Feature Request: Cloudy Day
I work in a desktop environment with 3x 27" cinema displays in a bright room. Normally, f.lux's daytime settings are fine, but there are times like when it's cloudy out or my eyes are just tired when I would like to knock down the BRIGHTWHITELIGHT just a little during the daytime.
Disclaimer: I'm fully aware there's a dimmer for my monitors. That's not what I'm needing as that doesn't necessarily solve the problem.
My feature request is for an easily selectable preset group (e.g. the Color Effects submenu) that lets me temporarily put f.lux into one of my already-defined settings for the various times of day (e.g. Daytime, Sunset, Bedtime) without having to dive into the preferences pane and mess up my settings.
PS - My apologies if this has already been suggested. I looked before posting and found nothing.
Tungsten_smooth last edited by Tungsten_smooth
@sstringer You are aware that you'll save a LOT of power by actually just dimming your screens correctly.
If your monitors do not have a dedicated brightness shortcut then I think it's time to get new monitors.
Ben Q makes it really easy to take down brightness with two button presses. One to bring up menu and press the same button for the brightness shortcut.
My monitor uses 37 watts at full brightness and 18 at the lowest.
You have THREE monitors so you're power savings will be much bigger.
@Tungsten_smooth As I apparently failed to make clear, I am aware that I can reduce the brightness on my monitor with a few button clicks. Again, that isn't my goal.
I'm simply suggesting a feature that exposes the pre-existing time-of-day setting presets via a select menu so they can be temporarily activated in unusual circumstances (e.g. cloudy days) without permanently altering f.lux's preferences.
For what it's worth, turning down the brightness doesn't necessarily reduce eye strain since the white point values roughly the same unless you crank it down so far you can barely see things, and it affects all apps whereas f.lux can be disabled for apps like Photoshop. F.lux's yellow shift is a much more effective solution in my circumstance. And, yes, I know this isn't the intended purpose of f.lux; it's just a happy side-benefit.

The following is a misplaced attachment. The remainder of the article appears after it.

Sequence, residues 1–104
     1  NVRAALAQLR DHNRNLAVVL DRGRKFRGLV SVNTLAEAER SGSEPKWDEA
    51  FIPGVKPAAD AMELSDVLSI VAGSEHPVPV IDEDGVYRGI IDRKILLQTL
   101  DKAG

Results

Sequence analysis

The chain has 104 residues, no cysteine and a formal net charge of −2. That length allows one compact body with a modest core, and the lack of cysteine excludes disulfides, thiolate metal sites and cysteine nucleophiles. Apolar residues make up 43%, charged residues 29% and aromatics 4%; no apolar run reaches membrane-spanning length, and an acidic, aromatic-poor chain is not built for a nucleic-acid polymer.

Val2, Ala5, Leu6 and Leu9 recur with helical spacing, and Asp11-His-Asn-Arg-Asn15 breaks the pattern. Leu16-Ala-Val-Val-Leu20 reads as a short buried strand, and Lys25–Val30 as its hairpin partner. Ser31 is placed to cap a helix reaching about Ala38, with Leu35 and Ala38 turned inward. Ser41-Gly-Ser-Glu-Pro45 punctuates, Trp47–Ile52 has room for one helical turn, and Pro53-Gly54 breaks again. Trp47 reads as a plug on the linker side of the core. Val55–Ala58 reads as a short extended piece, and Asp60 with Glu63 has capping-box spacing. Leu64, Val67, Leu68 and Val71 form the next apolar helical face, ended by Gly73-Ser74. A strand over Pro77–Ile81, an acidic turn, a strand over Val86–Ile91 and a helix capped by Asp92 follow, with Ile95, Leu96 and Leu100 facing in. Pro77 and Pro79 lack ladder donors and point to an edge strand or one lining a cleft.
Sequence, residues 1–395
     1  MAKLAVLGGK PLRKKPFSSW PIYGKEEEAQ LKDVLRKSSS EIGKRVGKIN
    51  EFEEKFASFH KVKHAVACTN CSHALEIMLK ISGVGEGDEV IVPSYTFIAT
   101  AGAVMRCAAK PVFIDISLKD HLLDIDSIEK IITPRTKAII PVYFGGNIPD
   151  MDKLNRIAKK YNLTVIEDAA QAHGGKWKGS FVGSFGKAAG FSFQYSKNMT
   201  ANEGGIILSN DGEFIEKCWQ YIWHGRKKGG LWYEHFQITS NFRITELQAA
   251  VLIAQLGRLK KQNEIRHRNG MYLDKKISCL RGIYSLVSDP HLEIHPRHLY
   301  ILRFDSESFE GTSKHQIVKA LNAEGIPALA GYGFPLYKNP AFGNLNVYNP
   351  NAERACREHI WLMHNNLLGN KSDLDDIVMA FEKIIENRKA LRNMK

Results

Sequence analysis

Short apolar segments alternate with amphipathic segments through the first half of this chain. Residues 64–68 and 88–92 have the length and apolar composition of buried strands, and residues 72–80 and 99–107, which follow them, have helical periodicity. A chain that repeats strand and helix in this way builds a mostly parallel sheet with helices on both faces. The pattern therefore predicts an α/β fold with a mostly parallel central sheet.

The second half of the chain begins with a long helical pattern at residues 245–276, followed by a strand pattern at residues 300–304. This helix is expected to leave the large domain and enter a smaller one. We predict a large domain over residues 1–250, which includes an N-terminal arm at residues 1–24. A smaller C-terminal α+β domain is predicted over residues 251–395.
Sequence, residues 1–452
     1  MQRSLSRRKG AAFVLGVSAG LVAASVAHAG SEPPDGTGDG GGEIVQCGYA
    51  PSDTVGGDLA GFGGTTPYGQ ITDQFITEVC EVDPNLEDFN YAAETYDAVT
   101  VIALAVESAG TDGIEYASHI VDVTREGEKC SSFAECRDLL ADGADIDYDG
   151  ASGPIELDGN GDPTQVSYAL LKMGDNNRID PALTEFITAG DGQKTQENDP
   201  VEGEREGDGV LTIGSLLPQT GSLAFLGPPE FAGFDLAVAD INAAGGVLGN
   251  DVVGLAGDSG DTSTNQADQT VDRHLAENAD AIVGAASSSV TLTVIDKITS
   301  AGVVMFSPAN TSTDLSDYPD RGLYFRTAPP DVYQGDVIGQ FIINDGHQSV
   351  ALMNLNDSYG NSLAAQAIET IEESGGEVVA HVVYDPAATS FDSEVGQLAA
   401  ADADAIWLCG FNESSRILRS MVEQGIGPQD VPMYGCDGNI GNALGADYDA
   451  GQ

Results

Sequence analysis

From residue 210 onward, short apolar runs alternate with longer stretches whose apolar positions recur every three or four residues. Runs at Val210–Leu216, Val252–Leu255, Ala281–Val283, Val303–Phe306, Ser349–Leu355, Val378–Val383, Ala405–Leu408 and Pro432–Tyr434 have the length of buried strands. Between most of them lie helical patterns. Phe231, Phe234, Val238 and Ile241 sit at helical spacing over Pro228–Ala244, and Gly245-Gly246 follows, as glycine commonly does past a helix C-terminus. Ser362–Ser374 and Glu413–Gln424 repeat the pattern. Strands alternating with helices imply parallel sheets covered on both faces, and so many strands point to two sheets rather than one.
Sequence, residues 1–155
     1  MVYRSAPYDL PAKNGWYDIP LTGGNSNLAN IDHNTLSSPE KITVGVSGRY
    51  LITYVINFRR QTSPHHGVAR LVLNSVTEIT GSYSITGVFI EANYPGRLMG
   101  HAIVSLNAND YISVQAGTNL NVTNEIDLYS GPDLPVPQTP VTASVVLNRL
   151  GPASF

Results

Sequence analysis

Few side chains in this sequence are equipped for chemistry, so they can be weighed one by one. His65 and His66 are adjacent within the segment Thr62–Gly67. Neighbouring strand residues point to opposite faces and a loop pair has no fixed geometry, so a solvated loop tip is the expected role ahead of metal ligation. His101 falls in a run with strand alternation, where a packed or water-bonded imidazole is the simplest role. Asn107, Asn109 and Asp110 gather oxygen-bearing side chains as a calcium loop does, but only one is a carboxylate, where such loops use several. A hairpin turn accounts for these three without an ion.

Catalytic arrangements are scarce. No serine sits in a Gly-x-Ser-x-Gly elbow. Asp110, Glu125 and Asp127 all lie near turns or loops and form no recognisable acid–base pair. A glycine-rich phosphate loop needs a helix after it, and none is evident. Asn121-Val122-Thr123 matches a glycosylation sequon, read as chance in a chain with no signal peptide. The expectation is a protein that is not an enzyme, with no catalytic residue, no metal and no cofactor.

@sstringer so you want to reduce brightness AND add a yellowish effect. I'd say that's very much like Windows (Alt + PageDown) feature. It software dims the screen and warms up the colors as you dim.
No, I don't want to reduce brightness. Not sure how to say that any clearer.
And I'm on a Mac.
when I would like to knock down the BRIGHTWHITELIGHT just a little during the daytime.
Makes it seem like you want lower brightness. So have you tried movie mode?
This was a simple feature request intended for the f.lux engineers.
If you're trolling me, stop it. If you're not, then, seriously, find something better to do with your time. You're not helping.
@sstringer We got your request, thank you - we think about stuff like this a lot. Cloudy days do have a different feel.
I would like to add to this discussion. I live in the Portland, Oregon, area, which is famous for low, dense cloud cover, heavy rain, etc. Think about the first few scenes of Dune, and that's our climate. We have the highest per capita consumption of caffeine in the world, plus a high level of clinical depression, and the lowest level of skin cancer. We also drink a lot of beer and have a booming wine industry.